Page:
But Hyden truly excels at illuminating the context of Kid A, from the prerelease expectations (its relative lack of guitars aside, the album was nowhere near the avant-garde freakout some music magazines feared) to the oft-rapturous reviews (especially the florid Pitchfork rave that helped birth a rock-critic empire) to the music’s ultimate legacy. (Hyden gently notes that another October 2000 record, Linkin Park’s diamond-selling Hybrid Theory, proved to be just slightly more commercially viable and influential.) From the very day it came out, you could never quite hear Kid A free of all the noise in your head about what this album means, what hybrid sound it allegedly gave birth to, what antiquated sound it allegedly killed, what grim future it foretold.

One important piece of that context is the Y2K scare, hilarious in retrospect but a huge, ominous, known-unknown deal at the time. However many thousands of studio hours it took, the whole of Kid A was recorded amid the genuine fear that at the stroke of midnight on January 1, 2000, computers might plunge the world into darkness in one terrible finger-snap moment. What makes this record sound half-prophetic and half-dated in 2020 is that in truth, computers would instead plunge the world into darkness by agonizing degrees over the next 20 years.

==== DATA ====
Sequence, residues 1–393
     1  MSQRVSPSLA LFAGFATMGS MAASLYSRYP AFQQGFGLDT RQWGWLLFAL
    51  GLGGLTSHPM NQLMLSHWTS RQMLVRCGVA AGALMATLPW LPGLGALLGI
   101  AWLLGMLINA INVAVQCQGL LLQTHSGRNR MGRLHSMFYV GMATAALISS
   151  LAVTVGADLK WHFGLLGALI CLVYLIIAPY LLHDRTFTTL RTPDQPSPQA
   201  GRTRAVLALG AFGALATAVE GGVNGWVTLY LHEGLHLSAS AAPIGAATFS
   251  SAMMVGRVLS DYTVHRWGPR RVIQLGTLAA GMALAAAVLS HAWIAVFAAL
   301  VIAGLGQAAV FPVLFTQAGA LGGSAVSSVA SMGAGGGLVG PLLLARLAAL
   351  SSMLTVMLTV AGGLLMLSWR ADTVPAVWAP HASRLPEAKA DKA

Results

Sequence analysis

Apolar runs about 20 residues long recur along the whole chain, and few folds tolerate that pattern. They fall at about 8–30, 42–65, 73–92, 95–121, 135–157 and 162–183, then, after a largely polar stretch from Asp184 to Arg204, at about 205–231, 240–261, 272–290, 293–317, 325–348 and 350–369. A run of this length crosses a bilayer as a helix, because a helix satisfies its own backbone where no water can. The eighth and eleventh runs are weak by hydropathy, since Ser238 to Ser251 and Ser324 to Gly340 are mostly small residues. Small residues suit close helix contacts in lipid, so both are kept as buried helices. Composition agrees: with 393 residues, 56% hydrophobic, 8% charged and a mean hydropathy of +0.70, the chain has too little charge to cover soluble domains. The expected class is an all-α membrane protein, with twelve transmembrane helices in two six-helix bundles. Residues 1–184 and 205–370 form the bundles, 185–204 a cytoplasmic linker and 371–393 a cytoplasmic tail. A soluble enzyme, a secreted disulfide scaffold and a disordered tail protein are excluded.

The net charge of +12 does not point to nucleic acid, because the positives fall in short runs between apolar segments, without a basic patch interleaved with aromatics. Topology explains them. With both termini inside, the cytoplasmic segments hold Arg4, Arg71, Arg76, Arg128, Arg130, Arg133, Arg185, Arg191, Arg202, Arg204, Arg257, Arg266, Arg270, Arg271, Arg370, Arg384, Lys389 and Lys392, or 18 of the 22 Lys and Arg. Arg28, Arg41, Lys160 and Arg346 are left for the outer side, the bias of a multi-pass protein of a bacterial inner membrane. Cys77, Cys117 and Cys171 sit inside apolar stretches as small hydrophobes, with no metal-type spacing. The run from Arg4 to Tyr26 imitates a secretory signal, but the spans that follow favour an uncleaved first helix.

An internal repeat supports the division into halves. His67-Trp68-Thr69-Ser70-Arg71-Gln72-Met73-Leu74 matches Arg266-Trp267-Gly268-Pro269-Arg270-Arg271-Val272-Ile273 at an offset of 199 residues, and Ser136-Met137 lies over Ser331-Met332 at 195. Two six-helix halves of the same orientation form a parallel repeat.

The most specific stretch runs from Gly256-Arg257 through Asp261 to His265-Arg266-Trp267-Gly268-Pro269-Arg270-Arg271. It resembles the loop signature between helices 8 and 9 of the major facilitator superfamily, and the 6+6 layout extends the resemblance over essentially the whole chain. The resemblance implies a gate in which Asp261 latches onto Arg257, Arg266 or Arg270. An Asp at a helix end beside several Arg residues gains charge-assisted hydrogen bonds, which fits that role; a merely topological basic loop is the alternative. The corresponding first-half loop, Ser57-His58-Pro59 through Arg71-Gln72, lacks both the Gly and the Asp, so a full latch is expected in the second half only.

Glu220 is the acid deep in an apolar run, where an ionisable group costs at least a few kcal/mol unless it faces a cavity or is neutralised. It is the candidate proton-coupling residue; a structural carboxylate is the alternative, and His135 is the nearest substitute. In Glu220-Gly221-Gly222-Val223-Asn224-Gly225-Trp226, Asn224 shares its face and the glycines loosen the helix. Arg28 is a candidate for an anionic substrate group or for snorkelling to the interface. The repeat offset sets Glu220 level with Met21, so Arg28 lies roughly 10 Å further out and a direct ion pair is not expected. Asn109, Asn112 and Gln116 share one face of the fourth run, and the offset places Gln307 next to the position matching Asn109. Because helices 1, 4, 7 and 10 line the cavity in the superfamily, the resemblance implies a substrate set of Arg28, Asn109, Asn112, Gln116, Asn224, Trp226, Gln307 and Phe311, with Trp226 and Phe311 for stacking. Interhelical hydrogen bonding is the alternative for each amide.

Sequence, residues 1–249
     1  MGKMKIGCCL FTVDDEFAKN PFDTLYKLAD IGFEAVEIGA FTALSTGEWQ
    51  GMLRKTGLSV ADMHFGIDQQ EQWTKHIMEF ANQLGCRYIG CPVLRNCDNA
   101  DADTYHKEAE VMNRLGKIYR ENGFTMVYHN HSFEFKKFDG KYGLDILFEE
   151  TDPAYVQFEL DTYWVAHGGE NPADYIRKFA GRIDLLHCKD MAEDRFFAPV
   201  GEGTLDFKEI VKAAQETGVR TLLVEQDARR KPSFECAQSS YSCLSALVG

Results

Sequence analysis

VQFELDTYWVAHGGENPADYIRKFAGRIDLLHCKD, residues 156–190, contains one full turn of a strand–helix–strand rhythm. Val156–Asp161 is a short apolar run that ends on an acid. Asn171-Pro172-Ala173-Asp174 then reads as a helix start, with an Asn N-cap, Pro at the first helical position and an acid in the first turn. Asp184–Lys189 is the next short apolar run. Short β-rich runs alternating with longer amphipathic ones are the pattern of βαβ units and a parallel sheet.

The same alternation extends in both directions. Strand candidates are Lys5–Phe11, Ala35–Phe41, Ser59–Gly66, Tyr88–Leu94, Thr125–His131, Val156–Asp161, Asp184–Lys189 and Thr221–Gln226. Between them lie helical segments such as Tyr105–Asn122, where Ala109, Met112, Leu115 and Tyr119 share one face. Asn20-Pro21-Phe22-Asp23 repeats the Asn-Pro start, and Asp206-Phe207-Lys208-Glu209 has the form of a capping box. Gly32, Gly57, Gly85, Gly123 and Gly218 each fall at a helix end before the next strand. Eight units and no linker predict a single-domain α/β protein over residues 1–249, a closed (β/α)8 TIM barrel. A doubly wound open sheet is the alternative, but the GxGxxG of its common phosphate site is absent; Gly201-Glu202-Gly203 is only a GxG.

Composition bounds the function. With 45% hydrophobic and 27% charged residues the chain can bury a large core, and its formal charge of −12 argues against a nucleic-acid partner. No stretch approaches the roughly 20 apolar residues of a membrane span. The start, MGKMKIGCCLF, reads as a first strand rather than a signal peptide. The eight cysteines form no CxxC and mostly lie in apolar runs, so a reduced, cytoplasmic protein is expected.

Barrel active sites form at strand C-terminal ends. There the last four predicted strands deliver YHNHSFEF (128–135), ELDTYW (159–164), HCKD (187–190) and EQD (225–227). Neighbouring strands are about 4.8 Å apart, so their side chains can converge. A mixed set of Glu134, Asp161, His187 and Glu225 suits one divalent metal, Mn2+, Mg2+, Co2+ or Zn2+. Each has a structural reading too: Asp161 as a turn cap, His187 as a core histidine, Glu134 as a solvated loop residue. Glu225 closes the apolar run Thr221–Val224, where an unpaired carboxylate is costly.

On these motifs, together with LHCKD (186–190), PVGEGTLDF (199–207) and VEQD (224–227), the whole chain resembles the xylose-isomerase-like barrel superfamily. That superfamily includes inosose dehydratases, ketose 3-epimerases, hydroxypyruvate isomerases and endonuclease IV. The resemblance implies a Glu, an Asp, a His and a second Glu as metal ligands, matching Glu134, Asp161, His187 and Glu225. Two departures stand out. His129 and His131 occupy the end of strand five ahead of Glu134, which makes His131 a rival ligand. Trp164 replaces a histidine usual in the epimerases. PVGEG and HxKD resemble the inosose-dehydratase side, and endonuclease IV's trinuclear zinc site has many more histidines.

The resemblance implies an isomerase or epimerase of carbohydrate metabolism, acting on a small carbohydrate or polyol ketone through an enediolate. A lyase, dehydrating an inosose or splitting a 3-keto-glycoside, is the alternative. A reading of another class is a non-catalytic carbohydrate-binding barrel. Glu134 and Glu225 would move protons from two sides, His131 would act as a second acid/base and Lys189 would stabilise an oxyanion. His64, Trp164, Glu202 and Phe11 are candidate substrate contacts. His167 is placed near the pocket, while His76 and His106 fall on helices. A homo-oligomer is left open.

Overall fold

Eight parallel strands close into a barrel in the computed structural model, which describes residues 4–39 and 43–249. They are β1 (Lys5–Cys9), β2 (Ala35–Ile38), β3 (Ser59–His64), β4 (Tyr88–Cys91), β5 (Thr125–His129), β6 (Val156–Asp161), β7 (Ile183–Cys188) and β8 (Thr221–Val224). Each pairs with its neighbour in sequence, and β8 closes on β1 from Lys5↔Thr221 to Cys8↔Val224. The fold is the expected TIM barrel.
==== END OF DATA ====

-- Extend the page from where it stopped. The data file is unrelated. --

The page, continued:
Close enough, as predictions go. This explains how my memory of my buddy Chas attempting to mind-meld with his stereo as Yorke mumbled “Ice age coming / Ice age coming” can be both delightful and upsetting, the fame-addled rock star stuck halfway between overly paranoid and not paranoid enough. Talking about this record on the internet isn’t as fun as it was in 2000, but what the hell is? And if hearing or even thinking about this record isn’t as gratifying as it was in 2000, well, what the hell ever could be?